Using their simpler prototype, the researchers showed that, when imaging a person standing in front of a car, HADAR could reduce ranging errors by a factor of about 100 compared with straightforward thermal imaging.
Jacob and colleagues subjected their devices to a number of different tests, including those designed to measure distance. Using their simpler prototype, they showed that, when imaging a person standing in front of a car, HADAR could reduce ranging errors by a factor of about 100 compared with straightforward thermal imaging. They also found that their more sophisticated system could outperform normal thermal imaging enhanced by AI—showing in fact that the absence of “ghosting” allowed HADAR to gauge distances in real-world scenes at night almost as accurately as RGB stereovision can do during the day.
What’s more, the researchers showed that even their simpler device could pick out distinct types of objects at night better than rival systems. In this case, they focused on a black car with two figures standing next to it—one a human being and the other a life-size cardboard cutout of Albert Einstein. They found that only HADAR could image the car and distinguish between the real and pretend human figures—thanks to their different surfaces—while neither optical imaging nor sparse lidar were able to make the distinction. Sparse lidar also struggled to detect the car.
Hurdles to overcome
Manish Bhattarai and Sophia Thompson argue that HADAR “will find immediate applications” when it comes to autonomous vehicles and robotics.
In a commentary in Nature to accompany the paper, Manish Bhattarai at Los Alamos National Laboratory and Sophia Thompson at the University of New Mexico, both in the United States, argue that HADAR “will find immediate applications” when it comes to autonomous vehicles and robotics. They also reckon that its ability to separate temperature from emissivity and texture data could prove a boon in health care; for example, allowing people’s body temperature to be measured efficiently at airports and other venues.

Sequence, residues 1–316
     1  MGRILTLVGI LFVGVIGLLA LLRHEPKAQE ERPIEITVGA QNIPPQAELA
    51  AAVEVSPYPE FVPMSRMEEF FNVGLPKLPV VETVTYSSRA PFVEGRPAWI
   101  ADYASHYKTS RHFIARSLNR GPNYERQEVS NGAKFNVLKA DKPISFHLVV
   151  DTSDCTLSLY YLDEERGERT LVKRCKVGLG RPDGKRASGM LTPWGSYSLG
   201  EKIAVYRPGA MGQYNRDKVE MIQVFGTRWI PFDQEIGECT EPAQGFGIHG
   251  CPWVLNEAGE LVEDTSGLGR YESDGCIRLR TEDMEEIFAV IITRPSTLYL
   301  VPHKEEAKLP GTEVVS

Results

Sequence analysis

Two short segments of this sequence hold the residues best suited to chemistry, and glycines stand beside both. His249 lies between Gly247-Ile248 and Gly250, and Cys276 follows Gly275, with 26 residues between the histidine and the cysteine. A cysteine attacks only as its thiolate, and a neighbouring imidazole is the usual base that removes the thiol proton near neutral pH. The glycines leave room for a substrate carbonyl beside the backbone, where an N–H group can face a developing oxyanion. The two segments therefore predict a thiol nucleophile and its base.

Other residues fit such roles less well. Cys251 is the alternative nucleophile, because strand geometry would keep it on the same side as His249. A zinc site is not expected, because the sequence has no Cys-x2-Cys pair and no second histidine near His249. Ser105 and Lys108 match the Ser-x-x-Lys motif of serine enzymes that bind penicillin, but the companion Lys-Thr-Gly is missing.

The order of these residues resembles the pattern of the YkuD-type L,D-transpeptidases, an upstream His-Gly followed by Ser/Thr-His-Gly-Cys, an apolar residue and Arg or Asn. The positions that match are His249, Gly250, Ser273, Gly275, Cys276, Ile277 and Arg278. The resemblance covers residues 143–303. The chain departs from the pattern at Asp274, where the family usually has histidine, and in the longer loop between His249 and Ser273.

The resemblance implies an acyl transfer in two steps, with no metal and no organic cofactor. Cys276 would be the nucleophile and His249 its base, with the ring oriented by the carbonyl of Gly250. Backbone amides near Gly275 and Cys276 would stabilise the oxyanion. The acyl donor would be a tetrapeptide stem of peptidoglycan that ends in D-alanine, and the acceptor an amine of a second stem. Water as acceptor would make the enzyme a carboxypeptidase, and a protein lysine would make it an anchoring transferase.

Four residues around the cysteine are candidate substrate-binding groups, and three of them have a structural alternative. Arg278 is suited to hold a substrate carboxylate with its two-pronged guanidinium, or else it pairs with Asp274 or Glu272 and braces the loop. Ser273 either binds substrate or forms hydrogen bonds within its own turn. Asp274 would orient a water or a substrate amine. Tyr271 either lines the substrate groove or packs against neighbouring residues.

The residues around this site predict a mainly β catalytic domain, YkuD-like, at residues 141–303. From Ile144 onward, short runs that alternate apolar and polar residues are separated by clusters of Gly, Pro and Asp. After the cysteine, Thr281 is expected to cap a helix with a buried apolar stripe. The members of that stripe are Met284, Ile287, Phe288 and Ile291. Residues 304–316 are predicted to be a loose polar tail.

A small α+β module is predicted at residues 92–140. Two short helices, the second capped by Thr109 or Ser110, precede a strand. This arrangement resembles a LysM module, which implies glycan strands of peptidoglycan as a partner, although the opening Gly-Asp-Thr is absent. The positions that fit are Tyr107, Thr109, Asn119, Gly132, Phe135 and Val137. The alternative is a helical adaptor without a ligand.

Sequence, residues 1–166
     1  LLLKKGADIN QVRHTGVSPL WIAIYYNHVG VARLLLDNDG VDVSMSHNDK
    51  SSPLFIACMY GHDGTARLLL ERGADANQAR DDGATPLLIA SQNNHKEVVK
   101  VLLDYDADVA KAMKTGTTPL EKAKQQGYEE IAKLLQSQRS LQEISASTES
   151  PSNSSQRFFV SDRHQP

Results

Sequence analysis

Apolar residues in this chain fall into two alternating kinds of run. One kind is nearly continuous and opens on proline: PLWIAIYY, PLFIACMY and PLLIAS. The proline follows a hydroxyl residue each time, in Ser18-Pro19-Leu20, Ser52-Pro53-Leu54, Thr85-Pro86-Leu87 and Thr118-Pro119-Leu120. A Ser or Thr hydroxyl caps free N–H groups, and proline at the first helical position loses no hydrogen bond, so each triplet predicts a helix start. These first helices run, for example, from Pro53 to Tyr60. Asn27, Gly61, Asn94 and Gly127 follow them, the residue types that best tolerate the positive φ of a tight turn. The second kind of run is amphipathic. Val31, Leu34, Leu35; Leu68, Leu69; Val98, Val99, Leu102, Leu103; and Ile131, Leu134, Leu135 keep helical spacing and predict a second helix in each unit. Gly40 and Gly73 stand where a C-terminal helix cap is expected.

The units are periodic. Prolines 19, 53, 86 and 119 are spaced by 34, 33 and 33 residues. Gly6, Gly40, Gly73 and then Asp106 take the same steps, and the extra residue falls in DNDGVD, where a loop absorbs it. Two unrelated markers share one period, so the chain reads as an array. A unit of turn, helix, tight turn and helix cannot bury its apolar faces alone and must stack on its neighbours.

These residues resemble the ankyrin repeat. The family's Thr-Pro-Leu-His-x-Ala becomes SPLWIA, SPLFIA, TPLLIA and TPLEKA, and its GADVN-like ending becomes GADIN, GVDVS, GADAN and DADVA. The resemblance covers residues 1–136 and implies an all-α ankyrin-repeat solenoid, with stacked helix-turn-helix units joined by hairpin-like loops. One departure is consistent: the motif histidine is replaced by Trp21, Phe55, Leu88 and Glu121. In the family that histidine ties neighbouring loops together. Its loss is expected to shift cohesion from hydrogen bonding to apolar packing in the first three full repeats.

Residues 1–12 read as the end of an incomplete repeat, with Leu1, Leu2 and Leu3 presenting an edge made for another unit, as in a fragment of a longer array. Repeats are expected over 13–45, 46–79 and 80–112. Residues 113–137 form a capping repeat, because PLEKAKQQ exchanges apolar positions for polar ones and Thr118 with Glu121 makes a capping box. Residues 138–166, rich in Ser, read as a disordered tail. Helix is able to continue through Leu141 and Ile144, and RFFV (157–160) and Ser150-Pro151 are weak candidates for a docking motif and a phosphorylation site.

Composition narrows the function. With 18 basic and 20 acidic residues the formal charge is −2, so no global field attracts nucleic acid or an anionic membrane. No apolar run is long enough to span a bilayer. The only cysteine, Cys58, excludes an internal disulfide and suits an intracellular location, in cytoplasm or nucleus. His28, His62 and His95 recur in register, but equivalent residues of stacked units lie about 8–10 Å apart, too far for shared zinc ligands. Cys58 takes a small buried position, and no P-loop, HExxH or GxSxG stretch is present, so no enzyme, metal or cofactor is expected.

However, Bhattarai and Thompson caution that much remains to be done before HADAR can operate in the real world. One hurdle, they say, is cost—the hyperspectral imager in the second prototype costing over US$1 million. They also point out that the system must be calibrated on the fly to ensure that temperature variations don’t impede reconstruction. Indeed, they say that environmentally induced variations in temperature, emissivity and texture can hamper identification of objects within a scene—although they add that the system’s library could be modified to account for these changes.
Jacob says that he and his colleagues plan to overcome these problems “within the next 3 to 5 years” by improving both hardware and software. “We are working on a new generation of thermal imagers, which can be low cost and compact without the need for cooling,” he says.